1999: NATO bombs Yugoslavia in Kosovo Crisis, triggering massive Serbian expulsion of ethnic Albanians. NATO bombers hit a Serbian petrochemical plant in Pancevo, sending a toxic cloud with 2,000 tons of chemicals over the city, and chemicals were released in other bombings of industrial plants.
2000: “Topoff Exercise” involving federal and state authorities fails to cope with simulated chemical, biological and nuclear attacks in three widely separated metropolitan areas.
2001: U.S. withdraws from the first round of Biological and Toxic Weapons Convention (BTWC), crippling international efforts to establish global measures against biological weapons. In wake of September 11 attacks, anthrax spores sent by mail to multiple political and media targets around the U.S., resulting in anthrax exposures, infections, and at least 5 deaths. Real anthrax attacks accompanied by increase in anthrax hoaxes by “Army of God” and other groups and individuals.
2002: Russian police use chemical gas against Chechen rebels holding hostages in Moscow theater; 42 rebels and 120 hostages died from the gas raid. Bush Administration renews allegations that Iraq possesses biochemical weapons (drawing on allegations by Iraqi exiles), reluctantly acquiesces in return of United Nations weapons inspectors (after four years of absence) to prove or disprove the claim. Chief UN arms inspector Hans Blix reports no evidence of renewed chemical or biological weapons programs in Iraq.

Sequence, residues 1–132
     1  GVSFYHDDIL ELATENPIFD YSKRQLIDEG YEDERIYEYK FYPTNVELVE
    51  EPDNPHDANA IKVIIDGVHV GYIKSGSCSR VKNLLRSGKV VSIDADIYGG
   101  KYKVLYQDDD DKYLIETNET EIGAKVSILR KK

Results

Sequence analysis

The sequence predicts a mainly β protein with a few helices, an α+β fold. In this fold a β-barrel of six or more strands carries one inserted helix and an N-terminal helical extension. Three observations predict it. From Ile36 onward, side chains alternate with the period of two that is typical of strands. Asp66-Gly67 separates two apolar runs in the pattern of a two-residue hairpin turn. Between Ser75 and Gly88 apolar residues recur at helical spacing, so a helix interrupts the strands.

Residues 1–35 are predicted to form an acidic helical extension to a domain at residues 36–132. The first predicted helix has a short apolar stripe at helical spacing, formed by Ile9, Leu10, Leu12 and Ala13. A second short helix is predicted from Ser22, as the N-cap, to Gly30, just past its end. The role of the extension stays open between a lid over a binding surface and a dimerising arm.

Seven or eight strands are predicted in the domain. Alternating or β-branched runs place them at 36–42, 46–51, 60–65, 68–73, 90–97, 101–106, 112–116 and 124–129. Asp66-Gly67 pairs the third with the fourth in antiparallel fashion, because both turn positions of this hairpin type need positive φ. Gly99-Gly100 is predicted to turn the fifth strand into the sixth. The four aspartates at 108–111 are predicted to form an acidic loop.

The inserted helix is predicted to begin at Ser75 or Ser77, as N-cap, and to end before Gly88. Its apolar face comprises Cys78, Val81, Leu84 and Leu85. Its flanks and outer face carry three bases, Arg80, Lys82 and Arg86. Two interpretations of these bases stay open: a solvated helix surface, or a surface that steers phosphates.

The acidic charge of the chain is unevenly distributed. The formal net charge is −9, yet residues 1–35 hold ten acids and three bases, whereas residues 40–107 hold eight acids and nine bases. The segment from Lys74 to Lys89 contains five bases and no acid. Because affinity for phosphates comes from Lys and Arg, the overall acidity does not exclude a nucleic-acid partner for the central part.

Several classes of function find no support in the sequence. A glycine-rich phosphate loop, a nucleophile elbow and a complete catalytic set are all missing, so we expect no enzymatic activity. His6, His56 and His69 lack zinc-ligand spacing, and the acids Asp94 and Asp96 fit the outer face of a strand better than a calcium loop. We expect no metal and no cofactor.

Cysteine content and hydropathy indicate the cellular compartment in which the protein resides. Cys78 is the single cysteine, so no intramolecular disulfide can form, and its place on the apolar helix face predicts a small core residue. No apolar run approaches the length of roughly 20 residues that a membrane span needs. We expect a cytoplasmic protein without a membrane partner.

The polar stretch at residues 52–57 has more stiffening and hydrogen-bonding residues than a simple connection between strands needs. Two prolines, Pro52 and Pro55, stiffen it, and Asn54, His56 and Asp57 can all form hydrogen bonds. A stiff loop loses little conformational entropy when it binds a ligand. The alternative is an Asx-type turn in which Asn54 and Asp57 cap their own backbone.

2003: UN inspectors find evidence of Iraqi violations of ballistic missile range limits, and begin to destroy missiles. Bush Administration not satisfied with extent of UN inspection. Just prior to U.S.-U.K. invasion of Iraq, UN orders inspectors out of country. After invasion, U.S. contends it will hunt for Weapons of Mass Destruction on its own, and finds none. As a member state of the UN Security Council, Syria proposes a WMD-Free Zone in the Middle East, which the U.S. rejects.